Tuesday, March 25, 2008


Reading through Joshua has once again been a wonderful time. Today as I was reading chapter 22, I cam across the section where the tribes to the East of the River Jordan build an altar. They were afraid that the descendants of the other tribes of Israel would not let them worship, or question their right to worship God. Can you imagine? Is it even remotely possible that a group of people would get in the way of others worshiping God?

Perhaps it is more possible than we all like to think. In fact it happens every day. Not just in far away places by people who don't know any better. In churches all across America there are people determining what it means to 'truly' worship God. Some say that unless all the music is hymns, the service only last 58 minutes, and the pastor only preaches for 15 minutes worship hasn't happened. Others will say that only if the music is done by a praise band and lasts until the spirit says stop, the service goes at least two hours and the pastor preaches until they almost pass out. By the way passing out might be considered a sign of the validity of their message.

Anyway, who are we to say what worship is or is not? None us really have the right to make that determination. I will however take a chance at saying what I think should be included in worship, and it has nothing to do with style. First and foremost worship is directed at God, the God of Abraham, Issac and Jacob, God the Father of our Lord Jesus Christ. Second, worship must be focused on drawing all of us further on our journey with God. Finally, worship must move us to action for the sake of the Kingdom of God. Worship that is all about a service in a point in time misses the point. The point is to have our butts motivated to be in the world acting as the hands and feet of Christ in our day.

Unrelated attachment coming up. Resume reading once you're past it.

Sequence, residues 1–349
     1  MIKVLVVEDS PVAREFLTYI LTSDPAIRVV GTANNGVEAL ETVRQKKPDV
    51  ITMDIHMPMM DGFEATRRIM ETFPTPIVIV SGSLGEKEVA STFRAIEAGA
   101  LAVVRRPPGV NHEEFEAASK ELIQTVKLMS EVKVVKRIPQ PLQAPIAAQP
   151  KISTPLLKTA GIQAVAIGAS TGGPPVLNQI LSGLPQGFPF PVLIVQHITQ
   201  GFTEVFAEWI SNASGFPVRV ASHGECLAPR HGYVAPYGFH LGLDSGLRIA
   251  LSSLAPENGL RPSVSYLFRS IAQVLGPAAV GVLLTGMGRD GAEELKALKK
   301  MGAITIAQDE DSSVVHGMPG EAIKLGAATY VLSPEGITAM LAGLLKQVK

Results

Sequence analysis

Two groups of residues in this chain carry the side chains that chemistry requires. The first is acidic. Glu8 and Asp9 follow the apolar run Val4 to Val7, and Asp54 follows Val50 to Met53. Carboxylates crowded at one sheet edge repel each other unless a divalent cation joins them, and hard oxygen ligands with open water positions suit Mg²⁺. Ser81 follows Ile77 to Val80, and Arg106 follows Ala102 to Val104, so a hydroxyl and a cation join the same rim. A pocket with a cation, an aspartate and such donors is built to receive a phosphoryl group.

Anonymous said...

Are acts of service done in the
Lord's name a form of worship? Do
we at some time have to acknowledge our motivations for service to others or should we leave it at "God knows" and let others figure it out on their own?

Aaron said...

Service when done for the glory of God, is an act of worship. As far as letting others know our motivations, I think we must be prepared to give an answer (1 Peter 3:15), but we don't need to shove it in someone's face. If asked why we serve, tell them because our love for God moves us to service. If we are not asked, we serve with quiet confidence knowing we are doing the will of the God who calls us.